By manishs from Slashdot's feels department
An anonymous reader points us to a blog post at Here website: Here Maps has announced that it will be pulling its mapping and navigation service from the Windows 10 store on March 29, 2016. The parent company, Here, also announced that it will limit the development of the apps for Windows Phone 8 to critical bug fixes. In a blog post, the company wrote, "We've been developing mobile maps applications for about 10 years, since the first smartphones came with GPS. As the market evolves, we keep in step by introducing our apps for new operating systems while stopping support for others. Back in 2014, Here was one of the few divisions at Nokia that Microsoft hadn't acquired in its multi-billion dollar deal. Since then, the mapping and navigation service has been aggressively expanding. Once exclusively available to Nokia and Microsoft-centric platforms, Here Maps is now available for Samsung's smartwatch, Android as well as iOS. "You cannot be delusional about this one. HERE Is a huge loss for the Windows Phone community," tweeted long-time Microsoft watcher Paul Thurrott.Read Replies (0)
By manishs from Slashdot's exciting-browser-news department
By timothy from Slashdot's just-clean-the-filter-a-lot department
mdsolar writes: Sixteen U.S. ships that participated in relief efforts after Japan's nuclear disaster five years ago remain contaminated with low levels of radiation from the crippled Fukushima Dai-ichi nuclear power plant, top Navy officials told Stars and Stripes. In all, 25 ships took part in Operation Tomadachi, the name given for the U.S. humanitarian aid operations after the magnitude-9.0 earthquake and subsequent tsunami on March 11, 2011. The tsunami, whose waves reached runup heights of 130 feet, crippled the Fukushima plant, causing a nuclear meltdown. In the years since the crisis, the ships have undergone cleanup efforts, the Navy said, and 13 Navy and three Military Sealift Command vessels still have some signs of contamination, mostly to ventilation systems, main engines and generators. "The low levels of radioactivity that remain are in normally inaccessible areas that are controlled in accordance with stringent procedures," the Navy said in an email to Stars and Stripes. "Work in these areas occurs mainly during major maintenance availabilities and requires workers to follow strict safety procedures."Read Replies (0)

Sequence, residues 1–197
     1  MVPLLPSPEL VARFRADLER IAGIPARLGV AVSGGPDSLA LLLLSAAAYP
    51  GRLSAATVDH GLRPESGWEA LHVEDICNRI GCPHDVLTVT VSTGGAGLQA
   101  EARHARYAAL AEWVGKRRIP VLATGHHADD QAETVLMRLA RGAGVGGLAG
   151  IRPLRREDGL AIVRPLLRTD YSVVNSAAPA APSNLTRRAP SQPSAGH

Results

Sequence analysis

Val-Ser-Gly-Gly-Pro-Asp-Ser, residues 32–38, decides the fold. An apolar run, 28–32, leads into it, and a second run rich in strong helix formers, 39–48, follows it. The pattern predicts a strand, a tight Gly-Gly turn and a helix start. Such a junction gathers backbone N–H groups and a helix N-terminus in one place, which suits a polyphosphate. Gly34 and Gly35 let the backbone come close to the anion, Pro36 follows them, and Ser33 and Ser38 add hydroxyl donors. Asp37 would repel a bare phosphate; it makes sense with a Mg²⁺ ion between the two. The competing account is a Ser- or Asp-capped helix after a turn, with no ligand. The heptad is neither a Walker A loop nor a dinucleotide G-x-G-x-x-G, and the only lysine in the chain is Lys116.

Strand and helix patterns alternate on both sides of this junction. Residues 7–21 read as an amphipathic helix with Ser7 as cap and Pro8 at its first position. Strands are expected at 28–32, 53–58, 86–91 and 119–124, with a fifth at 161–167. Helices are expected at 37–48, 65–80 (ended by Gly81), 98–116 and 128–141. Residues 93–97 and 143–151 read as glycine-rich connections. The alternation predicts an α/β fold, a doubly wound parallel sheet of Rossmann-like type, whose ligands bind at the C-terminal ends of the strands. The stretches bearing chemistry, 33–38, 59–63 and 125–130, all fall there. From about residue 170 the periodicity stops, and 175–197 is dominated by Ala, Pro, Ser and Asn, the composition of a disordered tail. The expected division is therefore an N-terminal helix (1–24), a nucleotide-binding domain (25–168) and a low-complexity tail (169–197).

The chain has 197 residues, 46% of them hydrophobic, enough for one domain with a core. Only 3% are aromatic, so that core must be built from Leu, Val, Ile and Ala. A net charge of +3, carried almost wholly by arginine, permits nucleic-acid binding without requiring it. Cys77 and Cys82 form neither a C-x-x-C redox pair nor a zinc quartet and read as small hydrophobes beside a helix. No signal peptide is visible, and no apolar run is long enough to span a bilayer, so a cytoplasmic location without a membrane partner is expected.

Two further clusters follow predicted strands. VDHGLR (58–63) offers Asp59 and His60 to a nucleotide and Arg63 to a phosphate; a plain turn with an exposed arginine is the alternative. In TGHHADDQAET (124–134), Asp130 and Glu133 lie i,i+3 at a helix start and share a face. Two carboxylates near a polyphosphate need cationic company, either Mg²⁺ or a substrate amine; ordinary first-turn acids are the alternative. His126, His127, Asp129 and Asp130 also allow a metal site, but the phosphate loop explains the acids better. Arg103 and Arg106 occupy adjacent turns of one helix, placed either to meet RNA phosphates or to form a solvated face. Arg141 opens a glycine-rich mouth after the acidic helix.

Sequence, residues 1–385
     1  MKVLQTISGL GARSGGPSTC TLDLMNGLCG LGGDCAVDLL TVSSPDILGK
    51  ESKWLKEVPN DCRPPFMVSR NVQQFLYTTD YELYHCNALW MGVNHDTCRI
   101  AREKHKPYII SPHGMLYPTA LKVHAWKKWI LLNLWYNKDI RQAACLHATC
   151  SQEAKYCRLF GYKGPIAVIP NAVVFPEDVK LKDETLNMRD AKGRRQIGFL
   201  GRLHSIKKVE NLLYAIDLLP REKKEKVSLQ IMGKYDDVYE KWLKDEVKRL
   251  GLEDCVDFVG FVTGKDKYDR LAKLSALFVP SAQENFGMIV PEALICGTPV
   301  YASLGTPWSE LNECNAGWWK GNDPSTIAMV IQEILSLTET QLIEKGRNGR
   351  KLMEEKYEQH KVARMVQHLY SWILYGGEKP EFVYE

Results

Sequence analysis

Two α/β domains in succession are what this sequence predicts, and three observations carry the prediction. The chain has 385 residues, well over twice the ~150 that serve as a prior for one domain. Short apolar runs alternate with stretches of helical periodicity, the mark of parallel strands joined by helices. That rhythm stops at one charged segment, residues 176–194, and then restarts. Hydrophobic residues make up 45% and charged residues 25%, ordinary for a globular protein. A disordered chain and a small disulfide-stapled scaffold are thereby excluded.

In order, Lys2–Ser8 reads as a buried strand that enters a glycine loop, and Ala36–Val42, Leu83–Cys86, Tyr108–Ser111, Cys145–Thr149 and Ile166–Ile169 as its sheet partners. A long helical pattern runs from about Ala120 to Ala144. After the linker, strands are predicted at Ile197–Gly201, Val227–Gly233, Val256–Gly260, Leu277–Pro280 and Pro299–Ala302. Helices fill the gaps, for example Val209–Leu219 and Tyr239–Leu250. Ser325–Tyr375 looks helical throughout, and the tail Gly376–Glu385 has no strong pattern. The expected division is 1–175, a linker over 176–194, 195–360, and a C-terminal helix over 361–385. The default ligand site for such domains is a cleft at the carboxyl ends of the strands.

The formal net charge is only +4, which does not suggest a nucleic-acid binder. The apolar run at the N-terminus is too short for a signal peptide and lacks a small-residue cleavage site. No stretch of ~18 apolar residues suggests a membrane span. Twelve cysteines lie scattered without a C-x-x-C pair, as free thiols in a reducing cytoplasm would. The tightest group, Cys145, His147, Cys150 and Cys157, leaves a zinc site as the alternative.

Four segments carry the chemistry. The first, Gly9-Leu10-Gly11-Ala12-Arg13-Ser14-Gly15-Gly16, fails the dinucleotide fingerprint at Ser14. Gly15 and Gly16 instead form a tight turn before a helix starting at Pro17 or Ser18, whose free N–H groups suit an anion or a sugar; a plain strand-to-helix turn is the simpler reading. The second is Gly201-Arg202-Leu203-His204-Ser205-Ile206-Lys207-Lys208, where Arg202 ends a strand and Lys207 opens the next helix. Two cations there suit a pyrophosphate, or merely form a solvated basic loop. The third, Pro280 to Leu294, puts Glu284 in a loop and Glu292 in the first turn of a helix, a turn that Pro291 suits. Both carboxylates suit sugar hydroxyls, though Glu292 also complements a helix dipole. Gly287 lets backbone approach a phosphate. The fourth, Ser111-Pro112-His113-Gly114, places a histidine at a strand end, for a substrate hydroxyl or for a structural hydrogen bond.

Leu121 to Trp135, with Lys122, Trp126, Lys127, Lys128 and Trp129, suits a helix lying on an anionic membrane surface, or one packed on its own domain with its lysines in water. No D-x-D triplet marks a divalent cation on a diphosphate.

By BeauHD from Slashdot's limited-by-restrictions department
An anonymous reader writes from an Ars Technica article: Customers who sued ATT over its practice of throttling unlimited data plans will not be able to pursue a class-action lawsuit against the company. ATT argued that the customers could not only have their complaints heard individually in arbitration, and Judge Edward Chen of US District Court in Northern California has sided with the cellular company. Chen accepted ATT's argument, noting that the Supreme Court previously upheld ATT's arbitration provision in a 2011 decision. In the 2011 case, ATT Mobility v. Concepcion, the Supreme Court found that the Federal Arbitration Act preempted a California state law that limited the power of companies to force customers into arbitration. [Chen's ruling granting ATT's motion to compel arbitration was issued on February 29 and highlighted in a MediaPost article Friday.] "Plaintiffs argue that the Concepcion Court never addressed the specific issues now raised -- i.e., that enforcement of the arbitration agreements would violate their rights as protected by the Petition Clause of the First Amendment," Chen wrote. "Because there is no state action in the instant case, Plaintiffs lack a viable First Amendment challenge to the arbitration agreements. As Plaintiffs have not challenged the arbitration agreements on any other bases, the Court grants ATT's motion to compel arbitration."
ATT is still being punished by the FCC and FTC. Ars Technica writes, "The FCC last year proposed a $100 million fine to punish ATT for throttling the wireless Internet connections of customers with unlimited data plans without adequately notifying the customers about the reduced speeds. Separately, the FTC sued ATT in an attempt to gain millions of dollars worth of refunds for customers who paid for unlimited data and had their speeds throttled."Read Replies (0)